In a certain family each daughter has the same number of brothers and sisters. Each son has twice as many sisters as brothers. How many sons and daughters are there in the family?

This is obviously a very straightforward problem in algebra. Let G be the number of girls in the family and B be the number of boys. Each girl has G-1 sisters and B brothers. Each boy has G sisters and B-1 brothers.

Converting the problem statement to a system of equations gives us:

G-1 = B

2G = B – 1

Now it’s a simple matter to rearrange the terms and solve for G or B. Let’s start by adding 1 to each side of the second equation:

2G + 1 = B

Now let’s substitute G – 1 for B, since the first equation tells us they’re equal:

2G + 1 = G – 1

Now let’s add 1 to each side again.

2G + 2 = G

Now let’s subtract G from each side.

G + 2 = 0

Finally, let’s subtract 2 from each side.

G = -2

…which implies that B = -3. So this particular family has negative two daughters and negative three sons.

Either the family is composed of antimatter, or my ability to do really simple algebra is gone, or there’s some subtle trickery in the wording of this puzzle that I’m missing. For example, maybe the trick is hiding in the difference between the words “and” and “as”: “each daughter has the same numbers of brothers **and** sisters,” while “each son has twice as many sisters **as** brothers.” The first sentence could be parsed to mean, “Each daughter has the same number of brothers-and-sisters (i.e., siblings) as the other daughters do,” which is trivially true no matter how many sons and daughters there are. But that reduces the system of equations to just:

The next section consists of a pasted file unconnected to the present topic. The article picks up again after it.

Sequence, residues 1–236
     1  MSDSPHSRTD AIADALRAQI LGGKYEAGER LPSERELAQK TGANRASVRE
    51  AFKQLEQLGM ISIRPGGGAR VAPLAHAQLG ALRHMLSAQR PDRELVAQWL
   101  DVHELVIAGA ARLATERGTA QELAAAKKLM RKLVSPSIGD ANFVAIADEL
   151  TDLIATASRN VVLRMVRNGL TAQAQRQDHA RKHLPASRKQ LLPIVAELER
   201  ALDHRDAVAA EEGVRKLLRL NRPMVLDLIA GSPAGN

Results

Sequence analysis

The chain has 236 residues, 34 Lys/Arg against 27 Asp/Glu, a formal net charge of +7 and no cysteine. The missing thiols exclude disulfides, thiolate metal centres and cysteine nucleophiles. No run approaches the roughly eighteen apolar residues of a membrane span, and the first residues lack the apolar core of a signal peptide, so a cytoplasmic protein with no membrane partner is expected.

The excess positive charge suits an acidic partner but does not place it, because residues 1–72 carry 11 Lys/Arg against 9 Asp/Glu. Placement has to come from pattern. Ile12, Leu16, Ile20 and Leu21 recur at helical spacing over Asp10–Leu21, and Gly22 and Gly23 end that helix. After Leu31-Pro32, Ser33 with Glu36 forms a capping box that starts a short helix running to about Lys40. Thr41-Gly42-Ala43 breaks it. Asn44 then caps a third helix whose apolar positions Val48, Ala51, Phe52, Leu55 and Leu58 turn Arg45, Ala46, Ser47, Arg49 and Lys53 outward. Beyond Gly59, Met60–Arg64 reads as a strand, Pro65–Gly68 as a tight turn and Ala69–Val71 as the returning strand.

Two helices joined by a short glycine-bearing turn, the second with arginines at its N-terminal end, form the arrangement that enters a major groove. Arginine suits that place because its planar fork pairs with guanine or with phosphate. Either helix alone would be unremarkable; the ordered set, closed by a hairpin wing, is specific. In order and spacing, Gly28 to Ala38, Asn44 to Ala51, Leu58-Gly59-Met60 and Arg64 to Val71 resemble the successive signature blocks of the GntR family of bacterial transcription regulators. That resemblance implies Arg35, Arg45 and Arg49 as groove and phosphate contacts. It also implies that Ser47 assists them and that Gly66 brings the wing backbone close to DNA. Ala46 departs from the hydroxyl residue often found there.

2G = B – 1

which has infinitely many solutions for G and B. So where’s the error?

**Update**: I’m an idiot, as pointed out (gently) in the comments. “Each son has twice as many sisters as brothers” doesn’t mean

2G = B – 1

it means

G = 2(B – 1)

So the family is made of ordinary matter after all.

AnonymousEach son has twice as many sisters as brothers.

G = 2* (B-1)

Thus

G= 4

B=3

(sons have 2 brothers and 4 sisters, Daughters have 3 sisters and 3 brothers)

Ben LiblitPick a specific number of sisters and brothers that satisfy your intuitive understanding of the English phrase “twice as many sisters as brothers.” For example, five brothers and ten sisters would be “twice as many sisters as brothers,” right?

Now check that against your translation of that phrase into math. If G = 10 and B – 1 = 5, does 2G = B – 1?